- Everyone 5+ who has had their primary series; the bivalent booster should be given at least 2 months after any COVID vaccine or booster dose.
- Children 6 months and 5 years who have received the Moderna vaccine can get the updated Moderna booster.
- Children between the ages of 6 months and 4 years who have received all 3 doses of the monovalent Pfizer vaccine can get the updated Pfizer booster, at least 2 months after completing their primary series.
Those eligible to receive the second bivalent COVID-19 booster include:
- Adults aged 65 and older who have received a single dose of a bivalent vaccine may receive one additional dose at least four months following their initial bivalent dose.
- People who are immunocompromised who have received a bivalent COVID-19 vaccine may receive a single additional dose of a bivalent COVID-19 vaccine at least 2 months following a dose of a bivalent COVID-19 vaccine. Additional doses may be administered at the discretion of their healthcare provider. However, for immunocompromised children 6 months through 4 years of age, eligibility for additional doses will depend on the vaccine previously received.
The Centers for Disease Control and Prevention (CDC) issued guidelines on February 11, 2022 for immunocompromised people. Those who fall in this category and who've had the mRNA vaccines (Pfizer/BioNTech or Moderna) should get a fourth shot (booster dose) at least three months after completing the three-dose primary series. For those who've had the Johnson & Johnson/Janssen vaccine, an mRNA dose is recommended at least 28 days after the first shot, followed by a third dose at least two months later. Learn more about the CDC guidance »
Under new CDC guidelines, people who are immunocompromised who have received a bivalent COVID-19 vaccine may may now receive a single additional dose of a bivalent COVID-19 vaccine at least 2 months following a dose of a bivalent COVID-19 vaccine. Additional doses may be administered at the discretion of their healthcare provider.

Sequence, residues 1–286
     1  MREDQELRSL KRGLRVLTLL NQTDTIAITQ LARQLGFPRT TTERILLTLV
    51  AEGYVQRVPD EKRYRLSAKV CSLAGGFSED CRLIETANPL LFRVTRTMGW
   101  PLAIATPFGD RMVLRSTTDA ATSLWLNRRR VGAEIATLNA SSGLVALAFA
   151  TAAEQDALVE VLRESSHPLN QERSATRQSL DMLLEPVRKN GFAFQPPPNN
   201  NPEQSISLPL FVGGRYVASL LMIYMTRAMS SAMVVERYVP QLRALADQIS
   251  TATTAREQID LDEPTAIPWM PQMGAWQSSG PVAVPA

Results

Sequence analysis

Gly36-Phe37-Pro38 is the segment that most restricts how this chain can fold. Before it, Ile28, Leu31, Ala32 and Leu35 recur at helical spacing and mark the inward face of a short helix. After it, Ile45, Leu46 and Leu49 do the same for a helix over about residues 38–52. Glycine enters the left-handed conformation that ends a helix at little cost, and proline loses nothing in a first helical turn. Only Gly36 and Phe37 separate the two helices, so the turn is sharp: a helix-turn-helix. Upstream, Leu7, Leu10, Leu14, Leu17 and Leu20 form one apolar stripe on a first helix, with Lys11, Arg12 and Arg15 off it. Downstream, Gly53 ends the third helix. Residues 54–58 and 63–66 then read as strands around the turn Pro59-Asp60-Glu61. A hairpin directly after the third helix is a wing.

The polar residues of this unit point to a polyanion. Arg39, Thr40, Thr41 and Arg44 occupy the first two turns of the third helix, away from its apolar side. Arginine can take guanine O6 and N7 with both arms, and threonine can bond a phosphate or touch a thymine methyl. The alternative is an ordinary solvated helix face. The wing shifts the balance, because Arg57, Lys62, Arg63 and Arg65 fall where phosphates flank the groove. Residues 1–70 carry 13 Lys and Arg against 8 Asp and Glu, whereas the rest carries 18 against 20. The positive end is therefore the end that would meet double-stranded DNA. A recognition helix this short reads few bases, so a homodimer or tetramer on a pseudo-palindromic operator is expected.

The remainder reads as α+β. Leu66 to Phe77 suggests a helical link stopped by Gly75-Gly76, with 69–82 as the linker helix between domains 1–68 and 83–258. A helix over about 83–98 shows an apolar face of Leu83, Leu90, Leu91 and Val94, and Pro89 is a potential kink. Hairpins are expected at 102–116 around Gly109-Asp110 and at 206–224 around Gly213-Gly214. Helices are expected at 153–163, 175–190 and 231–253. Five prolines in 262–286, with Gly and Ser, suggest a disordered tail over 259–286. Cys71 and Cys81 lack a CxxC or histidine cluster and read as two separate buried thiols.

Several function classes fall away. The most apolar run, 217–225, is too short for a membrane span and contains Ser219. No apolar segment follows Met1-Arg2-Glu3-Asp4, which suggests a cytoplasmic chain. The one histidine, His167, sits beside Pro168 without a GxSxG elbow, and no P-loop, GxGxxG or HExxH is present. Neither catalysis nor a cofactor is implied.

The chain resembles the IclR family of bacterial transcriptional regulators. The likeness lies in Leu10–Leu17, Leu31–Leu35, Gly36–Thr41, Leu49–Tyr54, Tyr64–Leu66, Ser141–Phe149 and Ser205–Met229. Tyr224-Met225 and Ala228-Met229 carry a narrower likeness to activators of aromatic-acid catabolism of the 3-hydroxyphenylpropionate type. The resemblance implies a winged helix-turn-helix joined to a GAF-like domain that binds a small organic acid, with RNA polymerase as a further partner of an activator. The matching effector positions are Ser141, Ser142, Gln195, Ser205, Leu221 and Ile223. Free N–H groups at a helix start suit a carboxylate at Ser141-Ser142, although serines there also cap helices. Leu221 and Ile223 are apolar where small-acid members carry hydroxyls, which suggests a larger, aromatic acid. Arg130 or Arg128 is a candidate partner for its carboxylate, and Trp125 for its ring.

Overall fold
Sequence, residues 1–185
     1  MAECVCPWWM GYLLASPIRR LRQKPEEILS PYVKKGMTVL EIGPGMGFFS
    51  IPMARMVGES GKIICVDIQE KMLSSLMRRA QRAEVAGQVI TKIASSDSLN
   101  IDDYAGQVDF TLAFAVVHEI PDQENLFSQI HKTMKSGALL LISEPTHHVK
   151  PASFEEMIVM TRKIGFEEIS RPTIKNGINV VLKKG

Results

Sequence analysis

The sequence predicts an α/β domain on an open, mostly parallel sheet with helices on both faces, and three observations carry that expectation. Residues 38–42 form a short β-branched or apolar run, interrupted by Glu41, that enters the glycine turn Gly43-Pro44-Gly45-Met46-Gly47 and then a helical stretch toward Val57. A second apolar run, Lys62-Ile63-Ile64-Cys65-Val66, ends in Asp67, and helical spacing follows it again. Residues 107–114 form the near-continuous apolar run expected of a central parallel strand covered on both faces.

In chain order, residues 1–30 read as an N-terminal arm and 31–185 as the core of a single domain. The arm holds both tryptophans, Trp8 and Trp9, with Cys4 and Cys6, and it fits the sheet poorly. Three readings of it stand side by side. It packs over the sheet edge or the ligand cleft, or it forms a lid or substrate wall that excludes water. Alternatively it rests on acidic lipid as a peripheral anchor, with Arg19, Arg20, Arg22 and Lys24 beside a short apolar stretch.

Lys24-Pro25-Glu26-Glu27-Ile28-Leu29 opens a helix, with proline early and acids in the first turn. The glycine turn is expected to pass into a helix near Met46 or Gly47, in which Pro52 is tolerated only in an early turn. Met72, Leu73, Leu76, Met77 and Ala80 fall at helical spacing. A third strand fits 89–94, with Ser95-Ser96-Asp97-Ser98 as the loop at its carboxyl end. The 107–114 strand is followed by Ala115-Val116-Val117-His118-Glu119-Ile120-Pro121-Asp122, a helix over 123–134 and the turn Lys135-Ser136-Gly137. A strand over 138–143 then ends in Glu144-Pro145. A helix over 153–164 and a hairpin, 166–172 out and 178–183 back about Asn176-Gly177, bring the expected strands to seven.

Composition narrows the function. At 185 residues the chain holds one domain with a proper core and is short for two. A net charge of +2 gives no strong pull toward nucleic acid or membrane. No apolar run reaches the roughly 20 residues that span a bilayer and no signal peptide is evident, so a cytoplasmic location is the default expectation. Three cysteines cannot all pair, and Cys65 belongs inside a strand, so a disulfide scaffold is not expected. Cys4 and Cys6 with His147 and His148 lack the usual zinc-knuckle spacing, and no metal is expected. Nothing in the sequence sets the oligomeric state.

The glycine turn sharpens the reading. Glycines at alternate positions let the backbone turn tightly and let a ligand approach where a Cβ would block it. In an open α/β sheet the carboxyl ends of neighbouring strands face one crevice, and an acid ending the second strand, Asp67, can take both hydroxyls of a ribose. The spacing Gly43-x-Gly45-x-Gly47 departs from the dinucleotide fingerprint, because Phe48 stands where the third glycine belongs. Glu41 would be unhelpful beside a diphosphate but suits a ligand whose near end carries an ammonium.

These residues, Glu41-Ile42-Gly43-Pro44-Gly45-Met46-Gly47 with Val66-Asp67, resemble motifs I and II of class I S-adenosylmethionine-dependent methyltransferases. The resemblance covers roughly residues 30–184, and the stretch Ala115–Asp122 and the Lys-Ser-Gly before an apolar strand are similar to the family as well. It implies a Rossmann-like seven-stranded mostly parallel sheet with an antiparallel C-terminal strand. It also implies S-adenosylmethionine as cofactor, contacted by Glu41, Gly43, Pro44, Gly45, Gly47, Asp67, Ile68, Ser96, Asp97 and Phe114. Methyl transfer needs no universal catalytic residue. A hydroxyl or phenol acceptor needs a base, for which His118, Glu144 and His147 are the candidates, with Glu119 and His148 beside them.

For immunocompromised children 6 months through 4 years of age, eligibility for additional doses will depend on the vaccine previously received.
Stanford Health Care patients who are eligible for additional doses can schedule their appointments through MyHealth now.
Individuals with recent COVID-19 infection may receive their booster dose after their symptoms resolve and they have met criteria to discontinue isolation per CDC guidelines.
The CDC does not recommend mixing vaccines for certain age groups. See guidance below:
- Children who only completed 2 doses of the original (monovalent) Pfizer vaccines should get the updated bivalent Pfizer vaccine as the 3rd dose in their primary series.
- Children 6 months to 4 years who completed the 2-dose Moderna primary series should get the updated bivalent Moderna booster.
- Children aged 5 who completed the Pfizer primary series should only get the updated Pfizer booster.
- Children aged 5 who completed the Moderna primary series can get a different product for their updated booster than they got for their primary series.
- People aged 6 years and older can get a different product for their updated booster than they got for their primary series or last booster.
To schedule a booster shot, contact your primary care provider.